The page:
Spoiler for New Scientist Enigma 1713:
I am going to start with a number and repeatedly take inventories of the digits in it. For example, if I start with 1531, then I read this as “one 1, one 5, one 3, one 1”, which can be written as an inventory of 11151311. This new list has “three 1s, one 5, one 1, one 3, two 1s” and so has an inventory of 3115111321. This list, in turn, has an inventory of 13211531131211, and so on. Notice that in this last case, the original number appears as part of a subsequent inventory (as highlighted in bold).
Find another four-figure number with the same property – one that appears as part of a subsequent inventory. Your original number must be a palindrome and its digits must add up to a two-figure number.
This is one of those problems I figured out how to solve after I solved it. That is, I ended up guessing a possibility that worked before I figured out how to reduce the possibilities to a very manageable number.
Consider four consecutive digits wxyz of an inventory, starting in an odd numbered place (1st digit, 3rd, 5th…). Then the preceding number contained xx…xzz…z with x occurring w times and z occurring y times. But the important thing is, x and z must be different digits — otherwise the inventory would just contain (w+y)z instead of wxyz. So consecutive even numbered place digits (2nd, 4th, 6th… digits) of an inventory must differ. And that means the maximum value for an odd numbered place is 3 — you can’t get the same digit in four consecutive places. (Unless you start with that, of course.)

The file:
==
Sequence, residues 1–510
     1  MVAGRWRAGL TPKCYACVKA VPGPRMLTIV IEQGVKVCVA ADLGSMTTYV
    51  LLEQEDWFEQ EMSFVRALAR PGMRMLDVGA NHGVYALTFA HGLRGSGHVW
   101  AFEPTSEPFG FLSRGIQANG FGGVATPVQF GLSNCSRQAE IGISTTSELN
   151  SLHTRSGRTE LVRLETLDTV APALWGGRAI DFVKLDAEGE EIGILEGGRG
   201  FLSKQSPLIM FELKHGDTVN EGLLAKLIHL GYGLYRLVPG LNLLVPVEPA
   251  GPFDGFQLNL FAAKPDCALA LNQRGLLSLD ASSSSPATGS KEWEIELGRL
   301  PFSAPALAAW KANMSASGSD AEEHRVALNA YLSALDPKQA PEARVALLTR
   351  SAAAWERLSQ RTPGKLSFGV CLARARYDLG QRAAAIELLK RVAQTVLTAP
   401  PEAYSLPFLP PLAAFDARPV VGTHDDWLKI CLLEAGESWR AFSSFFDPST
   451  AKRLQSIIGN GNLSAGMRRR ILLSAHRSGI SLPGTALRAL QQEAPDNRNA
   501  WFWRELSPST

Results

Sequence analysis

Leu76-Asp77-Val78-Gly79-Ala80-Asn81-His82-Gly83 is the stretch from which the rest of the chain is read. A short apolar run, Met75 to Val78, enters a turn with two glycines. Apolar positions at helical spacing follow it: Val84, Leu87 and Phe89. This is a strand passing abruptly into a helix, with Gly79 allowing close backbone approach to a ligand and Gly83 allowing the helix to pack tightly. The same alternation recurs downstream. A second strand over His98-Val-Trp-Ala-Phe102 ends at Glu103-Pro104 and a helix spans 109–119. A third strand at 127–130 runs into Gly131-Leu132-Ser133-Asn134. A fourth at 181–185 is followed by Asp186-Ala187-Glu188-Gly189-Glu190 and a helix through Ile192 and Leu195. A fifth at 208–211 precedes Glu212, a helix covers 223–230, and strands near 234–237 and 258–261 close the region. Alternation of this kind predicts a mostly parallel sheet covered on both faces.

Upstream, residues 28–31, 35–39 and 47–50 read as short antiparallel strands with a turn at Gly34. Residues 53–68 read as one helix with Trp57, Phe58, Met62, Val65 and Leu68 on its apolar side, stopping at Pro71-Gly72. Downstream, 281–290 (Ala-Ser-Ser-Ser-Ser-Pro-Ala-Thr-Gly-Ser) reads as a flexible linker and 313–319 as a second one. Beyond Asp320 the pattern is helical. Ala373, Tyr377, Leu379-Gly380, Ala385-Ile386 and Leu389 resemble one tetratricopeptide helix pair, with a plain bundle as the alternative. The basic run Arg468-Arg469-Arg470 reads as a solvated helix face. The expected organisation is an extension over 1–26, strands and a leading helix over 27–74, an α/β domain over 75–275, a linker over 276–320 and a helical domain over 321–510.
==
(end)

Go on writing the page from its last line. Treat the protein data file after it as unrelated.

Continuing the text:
So if we start with palindrome abba and a subsequent inventory contains abba, then in that subsequent inventory one of the as and one of the bs occurs in an odd numbered place. That means both a and b must be no greater than 3. On the other hand, 2(a+b) > 9, so neither a nor b is less than 2. Our only possibilities are 2332, or 3223 (not 3333 since that can’t occur in an inventory):
- 2332 -> 122312 -> 1122131112 -> 212211133112 -> 12112231232112 -> 1112212213111213122112 -> 3122112211133112111311222112 … not obvious that this leads to a solution or not
- 3223 -> 132213 -> 1113221113 -> 3113223113 -> 13211322132113 -> 1113122113221113122113 -> 31131122211322311311222113 solution! Notice the pattern here, each inventory takes the form [digits]22[digits], so the initial number recurs whenever the inventory starts with a 3. The pattern would break if the inventory ever started with 2… does it? I haven’t figured out how to prove it doesn’t.
I haven’t thought of a way to prove 2332 never recurs, either.